Peculiar galaxies are galactic formations that develop unusual properties due to tidal interactions with other galaxies. An example of this is the ring galaxy, which possesses a ring-like structure of stars and interstellar medium surrounding a bare core. A ring galaxy is thought to occur when a smaller galaxy passes through the core of a spiral galaxy.
A lenticular galaxy is an intermediate form that has properties of both elliptical and spiral galaxies. They possess ill-defined spiral arms with an elliptical halo of stars.
Despite the prominence of large elliptical and spiral galaxies, most galaxies in the universe appear to be dwarf galaxies. These tiny galaxies are about one hundredth the size of the Milky Way, containing only a few billion stars. Many dwarf galaxies may orbit a single larger galaxy; the Milky Way has at least a dozen such satellites. Dwarf galaxies may also be classified as elliptical, spiral, or irregular. Since small dwarf ellipticals bear little resemblance to large ellipticals, they are often called dwarf spheroidal galaxies instead.
Galaxies move relative to one another, and occasionally two galaxies come so close to each other that the gravitational force of each changes the shape of the other. Galaxies can even collide. If two rapidly moving galaxies collide, they may pass right through each other with little or no effect. However, when slow-moving galaxies collide, they can merge into a single galaxy that is bigger than either of the original galaxies.
Unusual Dynamics & Activities
The energy emitted by galaxies comes from various sources. Much of it is due to the heat of the stars and of clouds of dust and gas called nebulae. A variety of violent events also provide a great deal of the energy. These events include two kinds of stellar explosions: (1) nova explosions, in which one of the two members of a binary star system hurls dust and gas into space; (2) much more violent supernova explosions, in which a star collapses, then throws off most of its matter. One supernova may leave behind a compact, invisible object called a black hole, which has such powerful gravitational force that not even light can escape it. Another supernova may leave behind a neutron star, which consists mostly of tightly packed neutrons, particles that ordinarily occur only in the nuclei of atoms. But some supernovae leave nothing behind.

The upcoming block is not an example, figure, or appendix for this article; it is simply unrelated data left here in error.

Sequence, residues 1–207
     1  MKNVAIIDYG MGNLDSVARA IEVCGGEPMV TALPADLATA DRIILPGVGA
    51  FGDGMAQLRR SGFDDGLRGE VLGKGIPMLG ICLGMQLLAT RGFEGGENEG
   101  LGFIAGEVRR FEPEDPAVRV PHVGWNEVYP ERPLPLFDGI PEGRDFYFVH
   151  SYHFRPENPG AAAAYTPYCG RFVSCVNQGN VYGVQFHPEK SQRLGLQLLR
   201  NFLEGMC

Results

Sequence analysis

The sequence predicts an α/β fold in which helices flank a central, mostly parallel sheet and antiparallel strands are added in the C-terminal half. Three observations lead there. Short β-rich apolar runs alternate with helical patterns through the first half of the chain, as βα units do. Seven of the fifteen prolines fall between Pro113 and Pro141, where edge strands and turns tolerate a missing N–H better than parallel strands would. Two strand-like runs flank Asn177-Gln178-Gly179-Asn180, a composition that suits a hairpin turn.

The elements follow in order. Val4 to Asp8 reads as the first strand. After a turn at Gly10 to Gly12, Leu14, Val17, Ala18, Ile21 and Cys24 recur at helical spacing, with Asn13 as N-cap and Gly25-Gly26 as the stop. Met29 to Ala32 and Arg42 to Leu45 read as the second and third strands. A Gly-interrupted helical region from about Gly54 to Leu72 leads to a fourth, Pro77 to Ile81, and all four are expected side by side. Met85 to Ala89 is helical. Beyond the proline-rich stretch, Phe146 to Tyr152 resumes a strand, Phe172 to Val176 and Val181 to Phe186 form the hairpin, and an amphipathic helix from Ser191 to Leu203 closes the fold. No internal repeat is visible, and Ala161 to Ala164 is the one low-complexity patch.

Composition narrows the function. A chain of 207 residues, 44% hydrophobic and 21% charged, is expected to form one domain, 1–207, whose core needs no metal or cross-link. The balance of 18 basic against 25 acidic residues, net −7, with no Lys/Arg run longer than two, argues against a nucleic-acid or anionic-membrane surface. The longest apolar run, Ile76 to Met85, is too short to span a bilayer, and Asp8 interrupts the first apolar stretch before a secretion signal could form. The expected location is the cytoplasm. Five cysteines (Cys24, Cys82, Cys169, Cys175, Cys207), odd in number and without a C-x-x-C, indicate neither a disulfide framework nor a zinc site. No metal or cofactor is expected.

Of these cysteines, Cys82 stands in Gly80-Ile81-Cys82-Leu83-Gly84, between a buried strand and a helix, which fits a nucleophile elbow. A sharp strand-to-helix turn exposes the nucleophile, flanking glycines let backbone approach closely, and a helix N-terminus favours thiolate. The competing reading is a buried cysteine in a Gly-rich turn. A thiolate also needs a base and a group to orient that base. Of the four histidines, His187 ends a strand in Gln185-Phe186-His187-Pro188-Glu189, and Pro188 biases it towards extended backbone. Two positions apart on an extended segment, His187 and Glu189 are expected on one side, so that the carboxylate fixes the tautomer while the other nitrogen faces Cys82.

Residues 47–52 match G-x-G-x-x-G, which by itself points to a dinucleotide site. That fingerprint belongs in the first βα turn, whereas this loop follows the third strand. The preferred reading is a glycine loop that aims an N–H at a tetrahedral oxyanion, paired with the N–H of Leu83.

Collisions occur when two galaxies pass directly through each other and have sufficient relative momentum not to merge. The stars within these interacting galaxies will typically pass straight through without colliding. However, the gas and dust within the two forms will interact. This can trigger bursts of star formation as the interstellar medium becomes disrupted and compressed. A collision can severely distort the shape of one or both galaxies, forming bars, rings or tail-like structures
Starburst galaxies are characterized by dusty concentrations of gas and the appearance of newly formed stars, including massive stars that ionize the surrounding clouds to create H II regions. These massive stars also produce supernova explosions, resulting in expanding remnants that interact powerfully with the surrounding gas. These outbursts trigger a chain reaction of star building that spreads throughout the gaseous region. Only when the available gas is nearly consumed or dispersed does the starburst activity come to an end. Starbursts are often associated with merging or interacting galaxies. The prototype example of such a starburst-forming interaction is M82, which experienced a close encounter with the larger M81.
Within a billion years of a galaxy's formation, key structures begin to appear. Globular clusters, the central supermassive black hole, and a galactic bulge of metal-poor Population II stars form. During this early epoch, galaxies undergo a major burst of star formation. The evolution of galaxies can be significantly affected by interactions and collisions.